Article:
Lazzaro Spallanzani

Lazzaro Spallanzai, was the Italian physiologist who was one of the founders of experimental biology. Born in Scandiano, a small town in the providence of Emilia on Jan. 12, 1729 , Spallanzani was among the many dedicated philosophersof the eighteeth century (Lazzaro… 1). His main scientific interests were biological and was a master at mircoscopy,but he also looked into problems of physics,chemistry, geology, and meteorology, and volcanology (Gillispie,1).

After attending a local school, Spallazani went at afe fifteen to a Jesuit seminary n Reggio Emilia where he dominated in rhetoric, philosophy, and languages. He left Reggio Emilia in 1749 to study jurisprudence at the ancient University of Bologna, where he expanded is education in mathematics, chemistry, natural history, and aquired a knowledge of French (Asimov,1). For three years he worked toward his docterine in law. In 1753 or 1754 he became a doctor of philosophy. Then, he recieved instructions in metaphysics and theology and took minor orders.

Within a few years he became a priest and added himself to two congregations in Modena (Gillispie,2). Spallanzani, in hundreds of experiments tested various rituals for rendering infusions permanently barren and finally found that they remained free of microorganisms when put into flasks that were sealed and the contents boiled for one hour (Lazzaro… 1). The entrance of air into the flask through a slight crack in its neck was Patel 2 followed infusoria. He reported no spontaneous generation in strongly heated infusions protected from aerial contamination.

In 1765, after cutting up thousands of earthworms and exploiting the ability of the aquatic salamander to regrow its tail, he resolved to nvestigate reproductive phenomena in animals ans plants(Gillispie,3). He proved this by cuting theworms the area that affected the segmental regenerative response. Amputation of the tailwas followed by vascularization of the transparent growing stump. He also established the general law that in susceptible species inverse ratio obtains between the regenerativecapacity and age of the animal.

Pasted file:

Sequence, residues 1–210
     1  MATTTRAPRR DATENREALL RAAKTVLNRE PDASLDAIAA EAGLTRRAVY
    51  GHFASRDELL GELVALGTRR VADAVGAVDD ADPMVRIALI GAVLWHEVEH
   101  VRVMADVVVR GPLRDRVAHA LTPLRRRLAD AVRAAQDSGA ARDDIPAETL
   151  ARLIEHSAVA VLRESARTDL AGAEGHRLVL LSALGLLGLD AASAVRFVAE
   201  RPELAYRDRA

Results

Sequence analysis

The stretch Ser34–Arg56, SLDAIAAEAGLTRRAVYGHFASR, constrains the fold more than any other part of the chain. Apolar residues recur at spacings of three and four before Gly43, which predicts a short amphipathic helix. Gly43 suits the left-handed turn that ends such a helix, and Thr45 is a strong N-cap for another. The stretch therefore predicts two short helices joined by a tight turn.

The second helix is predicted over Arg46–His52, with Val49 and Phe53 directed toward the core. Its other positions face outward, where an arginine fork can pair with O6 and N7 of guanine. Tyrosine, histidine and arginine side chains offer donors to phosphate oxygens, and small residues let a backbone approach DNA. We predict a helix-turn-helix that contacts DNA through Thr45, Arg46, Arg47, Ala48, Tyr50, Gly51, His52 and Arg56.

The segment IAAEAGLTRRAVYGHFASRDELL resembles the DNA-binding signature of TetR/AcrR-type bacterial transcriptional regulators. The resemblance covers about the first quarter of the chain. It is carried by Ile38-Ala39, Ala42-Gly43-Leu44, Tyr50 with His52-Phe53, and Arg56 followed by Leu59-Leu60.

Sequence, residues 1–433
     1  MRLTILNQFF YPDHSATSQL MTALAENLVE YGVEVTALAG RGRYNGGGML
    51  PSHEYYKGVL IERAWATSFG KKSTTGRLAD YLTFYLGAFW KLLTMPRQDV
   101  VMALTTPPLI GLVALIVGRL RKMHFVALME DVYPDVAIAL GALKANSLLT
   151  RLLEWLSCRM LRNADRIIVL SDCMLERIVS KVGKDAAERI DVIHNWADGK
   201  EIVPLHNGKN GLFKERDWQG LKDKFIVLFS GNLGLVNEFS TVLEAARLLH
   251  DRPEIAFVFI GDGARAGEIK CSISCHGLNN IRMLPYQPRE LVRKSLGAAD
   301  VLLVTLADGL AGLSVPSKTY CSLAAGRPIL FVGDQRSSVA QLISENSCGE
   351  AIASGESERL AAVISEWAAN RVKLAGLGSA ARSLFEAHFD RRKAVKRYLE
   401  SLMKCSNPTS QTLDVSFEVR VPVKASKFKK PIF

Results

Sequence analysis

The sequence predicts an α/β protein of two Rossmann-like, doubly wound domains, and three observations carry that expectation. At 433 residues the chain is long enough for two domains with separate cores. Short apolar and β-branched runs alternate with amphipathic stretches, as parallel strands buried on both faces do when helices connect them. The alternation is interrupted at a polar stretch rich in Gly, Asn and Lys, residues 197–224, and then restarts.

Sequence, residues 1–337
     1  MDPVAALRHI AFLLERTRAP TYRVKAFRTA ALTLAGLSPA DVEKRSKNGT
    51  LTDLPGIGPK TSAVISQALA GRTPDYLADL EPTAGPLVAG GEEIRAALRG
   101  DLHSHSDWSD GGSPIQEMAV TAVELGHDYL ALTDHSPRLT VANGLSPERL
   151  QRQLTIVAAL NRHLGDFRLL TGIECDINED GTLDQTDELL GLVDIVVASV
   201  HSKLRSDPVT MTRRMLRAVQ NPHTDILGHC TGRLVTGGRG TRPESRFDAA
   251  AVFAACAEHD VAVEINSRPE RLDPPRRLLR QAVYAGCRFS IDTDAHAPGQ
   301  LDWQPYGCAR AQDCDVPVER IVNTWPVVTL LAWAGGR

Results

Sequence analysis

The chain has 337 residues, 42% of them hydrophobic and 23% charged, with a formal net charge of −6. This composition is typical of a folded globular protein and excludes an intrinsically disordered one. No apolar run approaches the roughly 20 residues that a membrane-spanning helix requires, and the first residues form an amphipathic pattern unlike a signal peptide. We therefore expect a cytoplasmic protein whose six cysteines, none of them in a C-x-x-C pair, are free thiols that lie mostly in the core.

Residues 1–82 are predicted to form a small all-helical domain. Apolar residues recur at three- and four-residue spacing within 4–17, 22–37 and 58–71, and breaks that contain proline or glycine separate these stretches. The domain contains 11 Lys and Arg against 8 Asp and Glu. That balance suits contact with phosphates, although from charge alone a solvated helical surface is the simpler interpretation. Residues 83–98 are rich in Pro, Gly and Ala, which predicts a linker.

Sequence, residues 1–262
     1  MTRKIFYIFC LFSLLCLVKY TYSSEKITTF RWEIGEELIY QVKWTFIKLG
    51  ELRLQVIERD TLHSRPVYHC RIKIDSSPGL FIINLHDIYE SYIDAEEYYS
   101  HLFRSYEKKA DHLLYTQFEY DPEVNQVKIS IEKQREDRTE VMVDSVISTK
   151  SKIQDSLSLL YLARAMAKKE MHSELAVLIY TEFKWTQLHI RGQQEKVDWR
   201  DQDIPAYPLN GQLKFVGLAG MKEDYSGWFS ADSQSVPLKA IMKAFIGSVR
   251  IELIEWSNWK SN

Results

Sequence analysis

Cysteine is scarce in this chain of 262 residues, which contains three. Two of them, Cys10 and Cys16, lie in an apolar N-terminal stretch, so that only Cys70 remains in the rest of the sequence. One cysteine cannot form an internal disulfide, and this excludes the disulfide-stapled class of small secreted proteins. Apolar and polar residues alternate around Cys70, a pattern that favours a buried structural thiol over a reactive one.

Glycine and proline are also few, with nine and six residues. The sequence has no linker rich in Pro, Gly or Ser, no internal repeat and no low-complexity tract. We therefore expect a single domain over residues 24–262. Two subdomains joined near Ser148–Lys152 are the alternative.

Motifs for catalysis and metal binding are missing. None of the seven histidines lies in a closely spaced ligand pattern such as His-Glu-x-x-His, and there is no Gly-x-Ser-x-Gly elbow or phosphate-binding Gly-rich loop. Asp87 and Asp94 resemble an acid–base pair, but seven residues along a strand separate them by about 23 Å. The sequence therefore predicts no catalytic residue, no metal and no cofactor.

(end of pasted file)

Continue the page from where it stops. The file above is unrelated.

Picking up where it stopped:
Lazzaro launched countless experiments relating to infusion animalcules and “spermatic worms,” with result that soon made chimera of thevegetatice force and undermined the docterine of organic molecules; but hese ideasdemanded more attention so they were postponed (Asimove,2). He also found that complex infusoriaare more susceptible to heat and cold than the “infinitely minute” germ of lower class,whose relative resistance he ascribed to their eggs.

In 1777 he publicly demonstrated the great force exerted by the gizzards of fowls and ducks in polverizing hollow glass globules thus confirming Redi’s century-old account. He studied the circulation of blood through the lungs and experimented on digestive juices, which he observed, were specialized for disgesting different foods. Attempting to discover what art of the semen was essential for generation, he filtered samples from amphibians and discovered that the higher the filteration, the less likely was the development of an egg.

Spallanzani had adopted the newchemical docterine that developedfollowing the discoveries, mainly by British chemists, of carbon dioxcide, hydrogen,nitrogen, and oxygen during the period 1755-1774. In 1768 he reported there findings in Prodromo di un opera da imprimersi sopra le riproduzioni animaki, which he intended as a prelude to Patel 3 a major work on animal reproduction (Gillispie,5). Spallanzani in the year of 1788 ourneyed to the Two Sicilies, mainly in order to correct deficiencies in the volcanic collections of the museum.

He also went to the volcano Enta and tested the flow of the lava by going five feet close to it. He reported that bellowing gas explosions forced the red hot lava out and ejected massive rocks, which later helped the science of volcanology (Astimov,2). In 1789 to 1790 he climbed the Modense Apennines carrying chemicalappartus for examing the natural gas fires of Barigazzo and the salses. Two years later, he made further studies of eels at Lake Comacchio. In his last experiments he ried to demonstrate how body tissues convert what is now knows as oxygen into carbon dioxide (Gillispie,9).

Lazzaro Spallanzani suffered from an unlarged prostate complicated by a chronic bladder infection. On February 11, 1799 shortly after his seventeith birthday, he became anuric and fell unconscious (Lazzaro.. 1). Throughout his life time Spallanzani had recieved many honors, including membership in the ten most distinguished Italian academies, and foreign associateship in a dozen famous European scientific societies. He’d also had his work published in several different volumes (Gillispie,10).


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